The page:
The financial results reflect the catastrophic the coronavirus for air transport.

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The financial results of the air transport companies were catastrophic in the third quarter, whose timid recovery is being undermined by the second wave of covid-19, AFP reported.

The International Air Transport Association (IATA) evaluates the drop in air traffic at 66%.

See also: IATA says COVID-19 Testing and Continued Financial Support Crucial to Save Air Transport.

At Paris airports alone, the drop for the year could be 70%, an upward revision of a previous estimate of 65% for the two airports of Orly and Charles de Gaulle.

“Six months after the start of the crisis in Europe and the United States, the indicators do not show any signs of a rapid recovery (…) this crisis will be long-lasting and will not be a V-shaped one” with a brutal fall followed by a rapid recovery, explains the consulting agency Alix Partners in a study.

See also: Delta loses $11.63 billion through September from the impact of the coronavirus.

After the practical suspension of air traffic worldwide during the spring (boreal), the recovery began very slowly, particularly in domestic flights, from June before reaching a peak in August to fall again in September.

“Stress test” in winter

“The winter season (in the northern hemisphere) will be a stress test for companies,” according to Alix Partners.

In the United States, the main airlines American Airlines, SouthWest, Delta and United Airlines announced in October revenues in free fall in the third quarter. American Airlines, number one in the sector in the United States, announced a 73% fall in revenue.

In the absence of an agreement to support the airline industry in Washington after subsidies to help pay workers were suspended, thousands of people are out of work.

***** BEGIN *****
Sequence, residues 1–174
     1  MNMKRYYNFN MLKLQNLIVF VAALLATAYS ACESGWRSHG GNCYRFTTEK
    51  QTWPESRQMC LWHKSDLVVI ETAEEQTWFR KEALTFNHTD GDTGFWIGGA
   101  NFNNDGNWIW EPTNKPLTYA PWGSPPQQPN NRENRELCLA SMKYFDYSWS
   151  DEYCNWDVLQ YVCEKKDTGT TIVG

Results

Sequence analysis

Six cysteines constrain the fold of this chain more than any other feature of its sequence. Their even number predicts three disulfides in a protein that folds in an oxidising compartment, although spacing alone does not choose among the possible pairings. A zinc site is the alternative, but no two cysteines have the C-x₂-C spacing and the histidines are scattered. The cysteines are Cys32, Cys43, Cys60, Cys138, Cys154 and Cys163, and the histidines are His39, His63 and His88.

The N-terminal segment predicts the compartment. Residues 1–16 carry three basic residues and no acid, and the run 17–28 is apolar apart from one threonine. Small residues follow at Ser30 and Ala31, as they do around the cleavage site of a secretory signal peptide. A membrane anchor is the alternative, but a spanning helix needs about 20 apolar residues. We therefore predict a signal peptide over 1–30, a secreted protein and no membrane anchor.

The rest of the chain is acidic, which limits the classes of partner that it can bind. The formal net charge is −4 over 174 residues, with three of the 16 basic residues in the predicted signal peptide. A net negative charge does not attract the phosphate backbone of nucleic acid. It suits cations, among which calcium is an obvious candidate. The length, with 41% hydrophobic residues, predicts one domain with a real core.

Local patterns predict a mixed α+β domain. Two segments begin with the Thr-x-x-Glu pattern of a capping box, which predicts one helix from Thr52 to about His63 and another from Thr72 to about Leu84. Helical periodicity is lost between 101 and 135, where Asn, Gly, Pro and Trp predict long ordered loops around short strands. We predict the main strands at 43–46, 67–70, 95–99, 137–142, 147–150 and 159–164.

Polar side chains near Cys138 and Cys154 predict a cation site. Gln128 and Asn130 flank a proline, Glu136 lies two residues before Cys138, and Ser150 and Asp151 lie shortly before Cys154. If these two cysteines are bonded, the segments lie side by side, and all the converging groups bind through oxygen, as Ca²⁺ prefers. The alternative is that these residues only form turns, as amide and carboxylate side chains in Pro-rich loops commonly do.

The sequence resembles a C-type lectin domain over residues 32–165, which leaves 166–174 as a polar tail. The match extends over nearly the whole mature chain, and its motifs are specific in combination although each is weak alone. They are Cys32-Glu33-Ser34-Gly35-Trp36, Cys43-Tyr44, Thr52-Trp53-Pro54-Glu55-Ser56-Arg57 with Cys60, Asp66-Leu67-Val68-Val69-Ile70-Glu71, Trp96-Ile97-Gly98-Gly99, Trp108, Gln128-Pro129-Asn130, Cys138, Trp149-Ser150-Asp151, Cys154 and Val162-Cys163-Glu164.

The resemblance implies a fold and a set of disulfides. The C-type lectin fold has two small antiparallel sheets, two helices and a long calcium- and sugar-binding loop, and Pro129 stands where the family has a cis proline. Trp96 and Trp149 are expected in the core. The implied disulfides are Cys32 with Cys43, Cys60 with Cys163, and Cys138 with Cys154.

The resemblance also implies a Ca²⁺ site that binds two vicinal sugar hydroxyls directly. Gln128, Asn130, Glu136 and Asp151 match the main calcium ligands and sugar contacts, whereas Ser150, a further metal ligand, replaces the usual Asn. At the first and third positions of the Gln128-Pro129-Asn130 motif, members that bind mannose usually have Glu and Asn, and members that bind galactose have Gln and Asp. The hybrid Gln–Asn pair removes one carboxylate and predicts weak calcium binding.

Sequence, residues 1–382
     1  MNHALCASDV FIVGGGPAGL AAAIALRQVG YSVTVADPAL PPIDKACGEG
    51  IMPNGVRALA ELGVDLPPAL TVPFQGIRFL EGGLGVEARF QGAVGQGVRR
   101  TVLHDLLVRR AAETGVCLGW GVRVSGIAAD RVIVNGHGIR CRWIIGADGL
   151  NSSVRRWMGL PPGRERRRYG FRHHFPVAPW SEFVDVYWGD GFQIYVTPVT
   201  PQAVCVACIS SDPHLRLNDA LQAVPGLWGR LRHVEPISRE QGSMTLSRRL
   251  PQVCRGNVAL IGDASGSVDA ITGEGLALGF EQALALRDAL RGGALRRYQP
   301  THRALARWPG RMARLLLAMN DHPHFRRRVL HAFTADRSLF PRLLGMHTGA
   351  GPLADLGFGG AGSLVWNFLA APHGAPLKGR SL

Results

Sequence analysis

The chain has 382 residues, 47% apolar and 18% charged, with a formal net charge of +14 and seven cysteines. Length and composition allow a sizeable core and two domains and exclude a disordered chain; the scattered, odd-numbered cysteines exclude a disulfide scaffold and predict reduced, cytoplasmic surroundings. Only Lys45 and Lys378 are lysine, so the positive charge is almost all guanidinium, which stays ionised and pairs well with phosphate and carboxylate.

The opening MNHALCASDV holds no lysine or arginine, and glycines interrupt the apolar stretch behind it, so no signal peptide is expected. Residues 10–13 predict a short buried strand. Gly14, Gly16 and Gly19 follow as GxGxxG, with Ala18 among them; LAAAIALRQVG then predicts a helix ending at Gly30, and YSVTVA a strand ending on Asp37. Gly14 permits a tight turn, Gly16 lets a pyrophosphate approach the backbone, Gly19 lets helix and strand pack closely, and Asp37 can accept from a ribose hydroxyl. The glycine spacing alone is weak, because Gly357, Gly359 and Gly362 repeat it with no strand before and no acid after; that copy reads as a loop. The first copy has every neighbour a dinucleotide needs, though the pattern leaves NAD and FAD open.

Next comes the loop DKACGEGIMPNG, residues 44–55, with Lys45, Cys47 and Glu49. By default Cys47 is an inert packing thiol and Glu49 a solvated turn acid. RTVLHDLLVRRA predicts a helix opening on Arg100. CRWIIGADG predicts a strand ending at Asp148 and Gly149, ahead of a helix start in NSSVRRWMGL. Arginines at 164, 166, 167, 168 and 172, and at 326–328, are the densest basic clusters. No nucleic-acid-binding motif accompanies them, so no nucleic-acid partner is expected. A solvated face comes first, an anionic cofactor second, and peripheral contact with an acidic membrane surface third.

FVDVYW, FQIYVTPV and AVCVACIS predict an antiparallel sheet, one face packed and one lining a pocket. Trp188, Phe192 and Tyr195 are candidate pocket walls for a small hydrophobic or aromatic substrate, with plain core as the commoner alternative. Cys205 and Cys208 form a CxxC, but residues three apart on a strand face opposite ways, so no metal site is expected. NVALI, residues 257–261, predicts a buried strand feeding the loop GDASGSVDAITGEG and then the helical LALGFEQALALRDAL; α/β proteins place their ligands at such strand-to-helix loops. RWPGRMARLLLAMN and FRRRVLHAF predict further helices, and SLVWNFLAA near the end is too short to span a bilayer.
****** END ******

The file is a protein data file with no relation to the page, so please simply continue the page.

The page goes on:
In Asia, the Hong Kong company Cathay Pacific announced on Wednesday the elimination of 5,900 jobs, a quarter of its workforce and the closure of its subsidiary Cathay Dragon.

In Europe, IAG (parent company of British Airways and Iberia) and Lufthansa will drastically reduce their offer in the fourth quarter, to a maximum of 30% compared to last year’s offer for IAG and 25% for the German company.

The Scandinavian SAS concluded negotiations on a social plan with the suppression of 5,000 jobs, 40% of the workforce, the company announced on Friday.

LATAM, the biggest airline in Latin America, and its subsidiaries plan to operate in October at 24% and 26% of its capacity, compared to the same month last year, the company recently indicated, that it suffered a 75.9% fall in income in the second quarter, and dispensed with some 12,600 workers. In June, LATAM announced the closure of its subsidiary in Argentina.

Catastrophic” job losses

For Iata, “the prospect of job losses of a catastrophic magnitude is very real,” Rafael Schvartzman, the organization’s vice president for Europe, said this week as he called for new financial support from governments until the “industry can get back on its feet.

“We will have a very small industry, with fewer players. All companies do not have enough resources to survive,” John Strickland, an air transport consultant who is cautious about the time frame to return to normal, told AFP.

“The environmental factor adds an important element” to the situation, he adds, referring to the boycott movement of aircraft considered too polluting that began before the pandemic.

In the section on good news, the British Flybe, which had declared bankruptcy, could fly again in early 2021, after the announcement on Monday that it had been acquired by Thyme Opco, a company controlled by the investment fund Cyrus Capital.

To try to recover, companies and airports are calling for large-scale pre-flight diagnostic testing to avoid quarantine measures on arrival, which discourages many candidates from traveling.

London Heathrow Airport has been conducting a paid saliva test for travellers to Hong Kong and from Italy since Tuesday, with the result within an hour.

In Paris, antigen tests – with faster results than PCR – will soon be compulsory for some destinations.

This historical crisis also has consequences on the structure of the fleets of the companies that separate themselves from the older and more polluting big airplanes like the Boeing 747, A380, A340 and must bet on the single-aisle planes, while the long-range flights continue to be the most affected by the crisis.

All Nippon Airways (ANA), Japan’s leading airline, announced that it plans to divest itself of half of its 60 large aircraft.